Mail servers receive mail, store mail, and keep settings. Each mailbox is assigned to a person or inbox, say email@example.com. The mail server allows a user to travel from computer to computer, and access the same e-mail. It also allows for web access, so if a user is not at their computer or one with their e-mail account set up on it, they can simply access the mail through a web interface.
DHCP stands for Dynamic Host Configuration Protocol. DHCP allows devices to be assigned to a network. For example, DHCP can automatically assign an IP address to a a device, there is a pool of IP addresses and the devices get one from DHCP or you can statically assign IP addresses based on MAC addresses through DHCP. Basically, it’s a DHCP is a way to add network devices.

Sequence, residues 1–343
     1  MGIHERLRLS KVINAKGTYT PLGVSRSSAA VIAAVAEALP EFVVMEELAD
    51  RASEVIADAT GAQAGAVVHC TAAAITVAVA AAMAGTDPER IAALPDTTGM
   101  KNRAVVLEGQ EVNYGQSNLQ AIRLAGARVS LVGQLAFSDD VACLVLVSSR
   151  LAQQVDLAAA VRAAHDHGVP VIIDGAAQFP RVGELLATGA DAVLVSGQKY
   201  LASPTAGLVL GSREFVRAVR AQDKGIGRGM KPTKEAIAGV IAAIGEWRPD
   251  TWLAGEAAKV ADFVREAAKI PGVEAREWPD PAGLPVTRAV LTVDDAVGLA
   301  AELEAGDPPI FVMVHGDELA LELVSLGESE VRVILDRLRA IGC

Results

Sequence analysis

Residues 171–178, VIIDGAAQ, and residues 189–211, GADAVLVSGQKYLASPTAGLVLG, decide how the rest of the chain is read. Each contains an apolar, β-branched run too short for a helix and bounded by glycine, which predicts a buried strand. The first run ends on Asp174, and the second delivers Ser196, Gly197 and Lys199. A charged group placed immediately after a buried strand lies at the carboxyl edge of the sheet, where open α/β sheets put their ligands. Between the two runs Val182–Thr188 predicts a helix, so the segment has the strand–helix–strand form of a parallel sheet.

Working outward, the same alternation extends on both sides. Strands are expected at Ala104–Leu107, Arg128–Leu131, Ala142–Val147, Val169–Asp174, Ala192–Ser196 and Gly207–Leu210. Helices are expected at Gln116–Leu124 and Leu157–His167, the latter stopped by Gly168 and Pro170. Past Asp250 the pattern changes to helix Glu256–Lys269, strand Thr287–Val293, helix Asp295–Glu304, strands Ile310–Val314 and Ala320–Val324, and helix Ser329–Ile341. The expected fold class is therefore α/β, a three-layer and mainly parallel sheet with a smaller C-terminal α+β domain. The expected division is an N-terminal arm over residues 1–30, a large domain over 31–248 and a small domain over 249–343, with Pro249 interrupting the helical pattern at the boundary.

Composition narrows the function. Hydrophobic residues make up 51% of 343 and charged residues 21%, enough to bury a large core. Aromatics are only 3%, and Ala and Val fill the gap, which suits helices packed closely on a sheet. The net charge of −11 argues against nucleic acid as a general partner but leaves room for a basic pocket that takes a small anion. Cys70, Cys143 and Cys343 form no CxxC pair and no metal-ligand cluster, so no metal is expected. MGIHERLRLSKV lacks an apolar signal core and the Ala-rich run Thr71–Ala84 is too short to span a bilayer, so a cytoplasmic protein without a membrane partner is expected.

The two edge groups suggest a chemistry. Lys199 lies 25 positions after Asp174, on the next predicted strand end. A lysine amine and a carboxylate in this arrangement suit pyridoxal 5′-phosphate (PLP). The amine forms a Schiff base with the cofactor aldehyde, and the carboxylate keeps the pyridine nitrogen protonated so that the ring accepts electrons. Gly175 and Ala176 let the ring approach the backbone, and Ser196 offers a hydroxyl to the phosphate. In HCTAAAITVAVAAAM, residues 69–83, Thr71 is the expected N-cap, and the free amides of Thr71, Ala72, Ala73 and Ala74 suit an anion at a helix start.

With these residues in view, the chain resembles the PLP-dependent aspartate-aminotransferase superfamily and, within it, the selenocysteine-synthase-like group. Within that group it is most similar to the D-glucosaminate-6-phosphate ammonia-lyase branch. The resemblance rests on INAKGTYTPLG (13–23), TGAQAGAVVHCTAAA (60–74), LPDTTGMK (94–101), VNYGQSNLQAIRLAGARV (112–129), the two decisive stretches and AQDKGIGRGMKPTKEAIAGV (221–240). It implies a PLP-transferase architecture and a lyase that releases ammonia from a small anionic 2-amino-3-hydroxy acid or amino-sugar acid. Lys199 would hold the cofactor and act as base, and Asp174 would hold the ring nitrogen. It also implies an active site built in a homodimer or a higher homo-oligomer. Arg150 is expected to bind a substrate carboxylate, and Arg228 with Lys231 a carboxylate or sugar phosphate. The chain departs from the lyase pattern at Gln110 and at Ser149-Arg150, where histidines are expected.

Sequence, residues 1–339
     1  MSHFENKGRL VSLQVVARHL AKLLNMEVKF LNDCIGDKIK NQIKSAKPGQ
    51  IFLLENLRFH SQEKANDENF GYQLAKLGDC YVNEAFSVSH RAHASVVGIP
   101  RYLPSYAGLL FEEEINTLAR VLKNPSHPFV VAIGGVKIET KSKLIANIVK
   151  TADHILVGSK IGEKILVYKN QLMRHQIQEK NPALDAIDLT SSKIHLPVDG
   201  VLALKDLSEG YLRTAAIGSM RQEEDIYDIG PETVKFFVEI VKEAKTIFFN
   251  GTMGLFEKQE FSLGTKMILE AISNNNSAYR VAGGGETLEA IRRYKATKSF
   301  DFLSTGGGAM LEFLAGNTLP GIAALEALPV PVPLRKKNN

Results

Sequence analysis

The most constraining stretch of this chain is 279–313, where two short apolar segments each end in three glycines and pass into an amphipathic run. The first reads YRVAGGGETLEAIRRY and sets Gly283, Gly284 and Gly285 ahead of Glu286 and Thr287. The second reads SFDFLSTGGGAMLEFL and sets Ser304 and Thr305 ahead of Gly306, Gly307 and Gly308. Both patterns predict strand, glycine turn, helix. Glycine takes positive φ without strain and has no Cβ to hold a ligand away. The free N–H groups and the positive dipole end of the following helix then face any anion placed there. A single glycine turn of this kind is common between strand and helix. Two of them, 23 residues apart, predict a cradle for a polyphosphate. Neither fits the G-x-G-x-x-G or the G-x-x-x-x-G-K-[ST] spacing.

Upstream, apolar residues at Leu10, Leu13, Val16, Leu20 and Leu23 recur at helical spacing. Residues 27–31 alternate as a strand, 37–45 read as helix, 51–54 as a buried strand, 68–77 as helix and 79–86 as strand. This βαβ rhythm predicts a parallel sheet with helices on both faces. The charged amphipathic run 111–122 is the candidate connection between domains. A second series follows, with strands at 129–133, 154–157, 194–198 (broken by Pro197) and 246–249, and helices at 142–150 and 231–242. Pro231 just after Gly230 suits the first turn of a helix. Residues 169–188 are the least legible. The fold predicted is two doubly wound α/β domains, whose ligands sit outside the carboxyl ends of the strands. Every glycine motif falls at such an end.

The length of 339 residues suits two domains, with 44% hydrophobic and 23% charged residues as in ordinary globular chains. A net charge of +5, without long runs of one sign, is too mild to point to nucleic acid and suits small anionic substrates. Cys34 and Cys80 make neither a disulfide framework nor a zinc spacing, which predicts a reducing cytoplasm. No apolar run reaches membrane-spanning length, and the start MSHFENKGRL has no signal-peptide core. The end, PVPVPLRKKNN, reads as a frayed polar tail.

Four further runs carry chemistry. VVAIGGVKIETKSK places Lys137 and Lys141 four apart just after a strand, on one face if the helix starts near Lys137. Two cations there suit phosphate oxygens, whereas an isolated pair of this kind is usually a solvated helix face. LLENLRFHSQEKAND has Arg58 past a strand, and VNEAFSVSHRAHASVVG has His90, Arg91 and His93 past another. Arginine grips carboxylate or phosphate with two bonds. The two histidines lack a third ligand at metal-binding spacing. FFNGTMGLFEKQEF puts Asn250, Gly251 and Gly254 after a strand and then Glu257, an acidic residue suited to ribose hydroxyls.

DNS stands for Domain Name Service. DNS is a service that allows you to resolve domain names. For example, within an organization, each workstation is given a name, each printer is given a name, etc. These entries now match names with IP addresses in the DNS server. When a computer requests to speak to another workstation, “PC_2_OFF” for example, the originating computer sends out a request (as if in a browser or RDP client) to the DNS server. If the DNS server can match it with an IP address, it will redirect to the appropriate location.
Hope this helps!